Rounding out my day of energy policy, I also went to a small lunch event at Cato where Eugene Gholz talked about his paper (with Daryl Press) on "Energy Alarmism: The Myths That Make Americans Worry about Oil"
Many Americans have lost confidence in their country's "energy security" over the past several years. Because the United States is a net oil importer, and a substantial one at that, concerns about energy security naturally raise foreign policy questions. Some foreign policy analysts fear that dwindling global oil reserves are increasingly concentrated in politically unstable regions, and they call for increased U.S. efforts to stabilize—or, alternatively, democratize—the politically tumultuous oil-producing regions. Others allege that China is pursuing a strategy to "lock up" the world's remaining oil supplies through long-term purchase agreements and aggressive diplomacy, so they counsel that the United States outmaneuver Beijing in the "geopolitics of oil." Finally, many analysts suggest that even the "normal" political disruptions that occasionally occur in oil-producing regions (e.g., occasional wars and revolutions) hurt Americans by disrupting supply and creating price spikes. U.S. military forces, those analysts claim, are needed to enhance peace and stability in crucial oil-producing regions, particularly the Persian Gulf. . . .
Our overarching message is simply that market forces, modified by the cartel behavior of OPEC, determine most of the key factors that affect oil supply and prices. The United States does not need to be militarily active or confrontational to allow the oil market to function, to allow oil to get to consumers, or to ensure access in coming decades.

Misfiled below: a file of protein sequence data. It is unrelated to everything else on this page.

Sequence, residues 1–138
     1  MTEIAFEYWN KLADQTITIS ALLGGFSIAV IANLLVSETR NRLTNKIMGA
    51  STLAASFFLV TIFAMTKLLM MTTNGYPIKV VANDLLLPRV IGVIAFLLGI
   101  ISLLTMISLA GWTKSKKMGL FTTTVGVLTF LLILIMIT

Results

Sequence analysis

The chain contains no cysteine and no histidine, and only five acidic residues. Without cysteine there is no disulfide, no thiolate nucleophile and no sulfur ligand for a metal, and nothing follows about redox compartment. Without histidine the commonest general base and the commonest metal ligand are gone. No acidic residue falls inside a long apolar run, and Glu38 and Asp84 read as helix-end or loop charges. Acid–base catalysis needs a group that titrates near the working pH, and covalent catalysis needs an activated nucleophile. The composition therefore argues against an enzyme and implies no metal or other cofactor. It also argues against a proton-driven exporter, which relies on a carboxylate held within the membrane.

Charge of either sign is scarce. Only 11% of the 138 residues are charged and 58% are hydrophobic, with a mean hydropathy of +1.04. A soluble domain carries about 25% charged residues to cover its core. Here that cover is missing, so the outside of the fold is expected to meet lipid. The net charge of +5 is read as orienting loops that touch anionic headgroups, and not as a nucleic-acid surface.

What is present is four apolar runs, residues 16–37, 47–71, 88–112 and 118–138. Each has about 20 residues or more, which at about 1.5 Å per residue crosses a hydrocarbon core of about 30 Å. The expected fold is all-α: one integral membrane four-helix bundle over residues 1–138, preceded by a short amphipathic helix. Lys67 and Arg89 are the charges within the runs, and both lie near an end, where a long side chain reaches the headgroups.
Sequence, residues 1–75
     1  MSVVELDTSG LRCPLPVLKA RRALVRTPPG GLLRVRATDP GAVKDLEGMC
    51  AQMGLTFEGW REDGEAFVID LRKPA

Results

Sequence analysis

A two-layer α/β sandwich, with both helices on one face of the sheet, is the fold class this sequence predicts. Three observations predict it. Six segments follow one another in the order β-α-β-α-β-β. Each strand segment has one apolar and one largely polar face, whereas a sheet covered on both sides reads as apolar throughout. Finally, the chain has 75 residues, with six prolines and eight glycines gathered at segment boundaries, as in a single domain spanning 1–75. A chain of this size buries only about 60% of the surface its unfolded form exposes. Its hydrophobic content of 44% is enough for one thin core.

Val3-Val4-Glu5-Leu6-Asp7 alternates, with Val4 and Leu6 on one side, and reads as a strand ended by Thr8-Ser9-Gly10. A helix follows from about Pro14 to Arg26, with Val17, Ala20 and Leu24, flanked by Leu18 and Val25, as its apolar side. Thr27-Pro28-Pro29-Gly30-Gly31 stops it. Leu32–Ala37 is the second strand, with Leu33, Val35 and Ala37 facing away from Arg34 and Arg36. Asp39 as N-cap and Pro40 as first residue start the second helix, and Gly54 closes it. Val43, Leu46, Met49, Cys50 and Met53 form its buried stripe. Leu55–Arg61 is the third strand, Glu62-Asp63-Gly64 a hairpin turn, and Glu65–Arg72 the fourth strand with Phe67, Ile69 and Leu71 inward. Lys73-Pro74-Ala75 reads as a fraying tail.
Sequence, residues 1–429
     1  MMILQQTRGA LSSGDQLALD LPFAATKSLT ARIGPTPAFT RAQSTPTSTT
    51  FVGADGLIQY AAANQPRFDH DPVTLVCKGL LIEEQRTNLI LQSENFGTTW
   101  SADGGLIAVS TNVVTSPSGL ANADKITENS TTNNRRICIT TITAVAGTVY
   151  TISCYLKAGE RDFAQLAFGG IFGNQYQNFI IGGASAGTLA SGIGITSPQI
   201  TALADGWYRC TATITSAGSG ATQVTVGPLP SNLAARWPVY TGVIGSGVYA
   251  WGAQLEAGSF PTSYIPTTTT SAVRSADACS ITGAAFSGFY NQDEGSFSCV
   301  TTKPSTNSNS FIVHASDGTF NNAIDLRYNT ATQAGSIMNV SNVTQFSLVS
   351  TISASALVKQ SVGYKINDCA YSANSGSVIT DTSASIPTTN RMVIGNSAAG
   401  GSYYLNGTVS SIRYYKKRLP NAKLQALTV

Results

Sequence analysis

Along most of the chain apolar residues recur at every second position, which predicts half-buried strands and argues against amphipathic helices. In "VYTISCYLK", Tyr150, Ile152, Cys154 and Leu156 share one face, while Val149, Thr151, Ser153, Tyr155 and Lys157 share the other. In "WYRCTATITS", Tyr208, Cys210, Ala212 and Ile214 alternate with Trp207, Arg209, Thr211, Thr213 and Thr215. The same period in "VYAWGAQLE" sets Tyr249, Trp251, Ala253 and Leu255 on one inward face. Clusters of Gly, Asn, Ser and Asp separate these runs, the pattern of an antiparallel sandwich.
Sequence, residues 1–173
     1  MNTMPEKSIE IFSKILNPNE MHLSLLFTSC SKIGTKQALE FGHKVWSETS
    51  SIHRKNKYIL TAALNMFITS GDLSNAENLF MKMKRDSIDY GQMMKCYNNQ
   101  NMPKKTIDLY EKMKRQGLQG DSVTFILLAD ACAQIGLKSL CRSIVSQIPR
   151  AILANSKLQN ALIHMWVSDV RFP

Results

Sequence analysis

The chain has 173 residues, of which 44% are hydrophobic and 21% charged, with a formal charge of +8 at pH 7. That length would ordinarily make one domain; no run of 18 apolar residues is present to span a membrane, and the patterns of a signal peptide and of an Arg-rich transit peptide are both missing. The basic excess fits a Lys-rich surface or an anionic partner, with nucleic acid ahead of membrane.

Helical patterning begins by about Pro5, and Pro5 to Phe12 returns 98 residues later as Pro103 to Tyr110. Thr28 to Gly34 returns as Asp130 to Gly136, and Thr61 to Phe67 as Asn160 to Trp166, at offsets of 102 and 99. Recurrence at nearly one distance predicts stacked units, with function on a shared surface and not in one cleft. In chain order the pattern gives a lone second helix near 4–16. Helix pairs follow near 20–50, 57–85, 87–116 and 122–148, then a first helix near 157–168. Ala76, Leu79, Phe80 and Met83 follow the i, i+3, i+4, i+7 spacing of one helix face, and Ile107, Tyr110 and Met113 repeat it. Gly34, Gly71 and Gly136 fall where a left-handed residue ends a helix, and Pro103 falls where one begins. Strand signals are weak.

I find this thesis convincing, but I don't think it really gets to the heart of the matter, which doesn't have to do with the "stability" of the Persian Gulf as much as it does with the fear that the Gulf's oil reserves might be politically unified. The US didn't want Iran to conquer Iraq, the US didn't want Iraq to conquer Kuwait, and now the US is concerned about a "Shiite crescent." When I brought this up Gholz indicated that this fear is basically unrealistic. That, in turn, I agree with. Still, the upshot is that the real debate in this regard turns on an empirical point about the actual present-day configuration of the Persian Gulf region rather than a theoretical claim about energy security.
UPDATE: "Basically unrealistic," I should say, at the moment. Obviously, Saddam Hussein did in fact conquer Kuwait in the not-too-distant past and could quite plausibly have overrun Saudi Arabia had the Saudis not gotten foreign military backing.